With the changing nature of ethnic diversity in Britain, it becomes increasingly clear that we must move beyond binary notions of white and non-white to explain how racisms operate, identities are formed and people live out their lives.
Runnymede's Community Studies aim to move beyond categorisations as broad as black, Asian and white, to recognise the diversity within and between ethnic communities.
These studies provide a rich resource for understanding how diversity is lived and experienced away from the necessarily crude ethnic monitoring form, in a vital and dynamic multi-ethnic society.
This report, the last in the long-running programme of Community Studies, pulls together the qualitative research of the previous 11 small-scale studies for an overview of issues affecting emerging communities in the UK. New migrants' sense of identity and belonging is explored, as well as the more practical barriers to integration that newcomers face.
Street markets have a special place in Britain's social and economic landscape. Resisting the development of the dominant paradigm of retail ethos where shopping is becoming ever more monochrome, atomized and impersonal, street markets remain a quintessentially social space. This report, by Kjartan Sveinsson, Franziska Meissner and Jessica Sims, takes a look at Surrey Street Market in Croydon, exploring the role of street markets in fostering community cohesion.
A walk down Golborne Road in London, commonly known as ‘little Morocco', reveals myriad Moroccan-owned cafés, restaurants, grocery stores, mosques, supplementary schools and community organisations. The presence of a thriving Moroccan community could not be more evident. Yet little is known about British Moroccans, who remain officially and statistically invisible. Drawing on her extensive fieldwork, Dr. Myriam Cherti highlights some of the challenges and achievements of British Moroccans.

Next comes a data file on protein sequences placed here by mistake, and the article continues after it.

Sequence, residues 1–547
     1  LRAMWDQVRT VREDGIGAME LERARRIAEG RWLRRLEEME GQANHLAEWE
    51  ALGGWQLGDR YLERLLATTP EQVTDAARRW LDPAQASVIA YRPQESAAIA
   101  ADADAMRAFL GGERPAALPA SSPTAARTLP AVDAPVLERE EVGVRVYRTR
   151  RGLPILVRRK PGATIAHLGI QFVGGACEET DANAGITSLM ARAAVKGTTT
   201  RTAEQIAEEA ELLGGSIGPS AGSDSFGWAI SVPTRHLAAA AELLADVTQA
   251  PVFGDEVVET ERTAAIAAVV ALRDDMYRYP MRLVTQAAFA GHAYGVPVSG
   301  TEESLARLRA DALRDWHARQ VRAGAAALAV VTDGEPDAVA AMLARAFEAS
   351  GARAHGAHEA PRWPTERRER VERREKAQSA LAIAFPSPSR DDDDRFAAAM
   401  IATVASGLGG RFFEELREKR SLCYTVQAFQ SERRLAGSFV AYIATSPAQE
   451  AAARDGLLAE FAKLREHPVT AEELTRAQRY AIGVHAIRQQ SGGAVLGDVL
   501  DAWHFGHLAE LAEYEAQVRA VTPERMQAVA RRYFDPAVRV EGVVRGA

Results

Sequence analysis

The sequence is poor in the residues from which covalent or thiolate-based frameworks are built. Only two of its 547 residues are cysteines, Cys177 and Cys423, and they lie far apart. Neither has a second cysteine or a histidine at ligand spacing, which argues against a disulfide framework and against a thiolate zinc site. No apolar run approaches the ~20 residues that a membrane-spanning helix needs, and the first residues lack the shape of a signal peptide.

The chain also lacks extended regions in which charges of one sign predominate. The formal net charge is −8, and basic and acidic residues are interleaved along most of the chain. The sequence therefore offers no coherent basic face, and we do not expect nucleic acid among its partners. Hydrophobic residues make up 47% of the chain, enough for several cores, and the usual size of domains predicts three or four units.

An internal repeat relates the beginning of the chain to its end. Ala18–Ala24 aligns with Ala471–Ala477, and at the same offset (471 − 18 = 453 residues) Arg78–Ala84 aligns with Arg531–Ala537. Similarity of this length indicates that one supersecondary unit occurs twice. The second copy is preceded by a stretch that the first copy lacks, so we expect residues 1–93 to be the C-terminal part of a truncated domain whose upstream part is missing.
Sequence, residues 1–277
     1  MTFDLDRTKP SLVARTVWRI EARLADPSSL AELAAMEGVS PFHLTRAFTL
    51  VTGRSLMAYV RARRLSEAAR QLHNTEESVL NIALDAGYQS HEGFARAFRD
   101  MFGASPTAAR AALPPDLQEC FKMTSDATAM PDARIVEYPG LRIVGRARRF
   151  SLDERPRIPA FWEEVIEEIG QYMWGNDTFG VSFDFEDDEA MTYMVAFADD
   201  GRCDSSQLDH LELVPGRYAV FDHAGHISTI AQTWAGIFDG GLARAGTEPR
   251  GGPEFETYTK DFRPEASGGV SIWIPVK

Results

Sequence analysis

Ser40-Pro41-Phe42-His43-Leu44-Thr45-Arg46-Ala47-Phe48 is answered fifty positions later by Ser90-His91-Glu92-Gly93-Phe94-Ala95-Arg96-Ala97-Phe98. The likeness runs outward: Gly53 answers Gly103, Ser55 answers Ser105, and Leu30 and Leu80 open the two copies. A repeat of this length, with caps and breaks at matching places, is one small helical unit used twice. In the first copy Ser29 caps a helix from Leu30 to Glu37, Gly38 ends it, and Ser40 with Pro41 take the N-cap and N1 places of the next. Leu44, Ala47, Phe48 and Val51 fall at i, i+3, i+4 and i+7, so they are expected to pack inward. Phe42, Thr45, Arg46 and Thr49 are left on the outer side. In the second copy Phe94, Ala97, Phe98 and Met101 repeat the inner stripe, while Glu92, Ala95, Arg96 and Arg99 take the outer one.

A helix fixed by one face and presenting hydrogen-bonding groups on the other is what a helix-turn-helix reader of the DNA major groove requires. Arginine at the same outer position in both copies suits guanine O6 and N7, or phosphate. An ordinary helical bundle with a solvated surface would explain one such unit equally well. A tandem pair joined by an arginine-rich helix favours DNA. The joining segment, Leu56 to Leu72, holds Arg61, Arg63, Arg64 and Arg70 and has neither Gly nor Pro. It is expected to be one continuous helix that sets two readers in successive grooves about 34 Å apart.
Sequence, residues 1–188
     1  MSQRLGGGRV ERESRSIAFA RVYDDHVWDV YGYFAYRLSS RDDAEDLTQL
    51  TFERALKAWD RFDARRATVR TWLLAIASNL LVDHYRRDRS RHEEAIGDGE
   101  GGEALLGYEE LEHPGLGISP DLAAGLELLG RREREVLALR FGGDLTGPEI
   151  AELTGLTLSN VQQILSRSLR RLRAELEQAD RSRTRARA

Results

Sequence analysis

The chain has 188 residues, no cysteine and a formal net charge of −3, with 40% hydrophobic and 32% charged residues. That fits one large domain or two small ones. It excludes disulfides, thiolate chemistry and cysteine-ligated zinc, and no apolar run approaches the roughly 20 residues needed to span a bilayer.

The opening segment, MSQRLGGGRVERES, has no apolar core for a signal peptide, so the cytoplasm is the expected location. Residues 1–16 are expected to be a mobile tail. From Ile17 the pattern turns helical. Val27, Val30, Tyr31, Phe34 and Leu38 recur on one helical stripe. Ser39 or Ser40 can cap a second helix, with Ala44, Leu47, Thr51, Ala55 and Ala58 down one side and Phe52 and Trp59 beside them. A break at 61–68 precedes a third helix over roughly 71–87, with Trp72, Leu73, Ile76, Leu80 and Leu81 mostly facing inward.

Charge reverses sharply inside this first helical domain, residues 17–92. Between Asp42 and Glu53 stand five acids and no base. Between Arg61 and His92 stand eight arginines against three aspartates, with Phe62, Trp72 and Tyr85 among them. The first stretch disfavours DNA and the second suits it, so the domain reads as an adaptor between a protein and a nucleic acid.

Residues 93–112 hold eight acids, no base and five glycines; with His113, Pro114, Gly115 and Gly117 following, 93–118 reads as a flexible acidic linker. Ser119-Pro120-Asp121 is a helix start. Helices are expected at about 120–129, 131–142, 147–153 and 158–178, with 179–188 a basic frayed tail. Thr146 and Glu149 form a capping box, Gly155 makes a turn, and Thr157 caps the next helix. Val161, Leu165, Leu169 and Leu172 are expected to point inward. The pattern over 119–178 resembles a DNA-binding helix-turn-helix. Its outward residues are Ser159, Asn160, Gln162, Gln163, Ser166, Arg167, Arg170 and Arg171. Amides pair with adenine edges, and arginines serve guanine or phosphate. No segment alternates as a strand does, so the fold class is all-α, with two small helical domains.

In 2007 Gurkhas were granted the right to settle in the UK upon retirement, which has correspondingly led to an increase of the migration and settlement of Nepalese people in the UK. Even with changes in settlement rights, their campaign for equality in the armed forces persists. In this report, Jessica Mai Sims explores the migration routes of Nepalese people, and in reference to the Gurkhas and their families, their experiences of integration and settlement.
South African migration to the UK is well established. Whilst previous reports in our series have focused on relatively disadvantaged migrant and minority ethnic groups, South Africans are something of an immigrant success story. In this report, Kjartan Páll Sveinsson and Anne Gumuschian consider the reasons for this 'success' and what we can learn from South Africans' experiences in the UK.
Despite Thailand and the UK having a strong history of diplomatic and economic cooperation, marriages between Thai women and British men have been the most ‘visible' portrayal of relations between the two countries. Moving beyond the stereotype of the ‘Thai bride', Jessica Mai Sims focuses on the experiences of Thais in the UK, with emphasis on the needs and concerns of Thai women.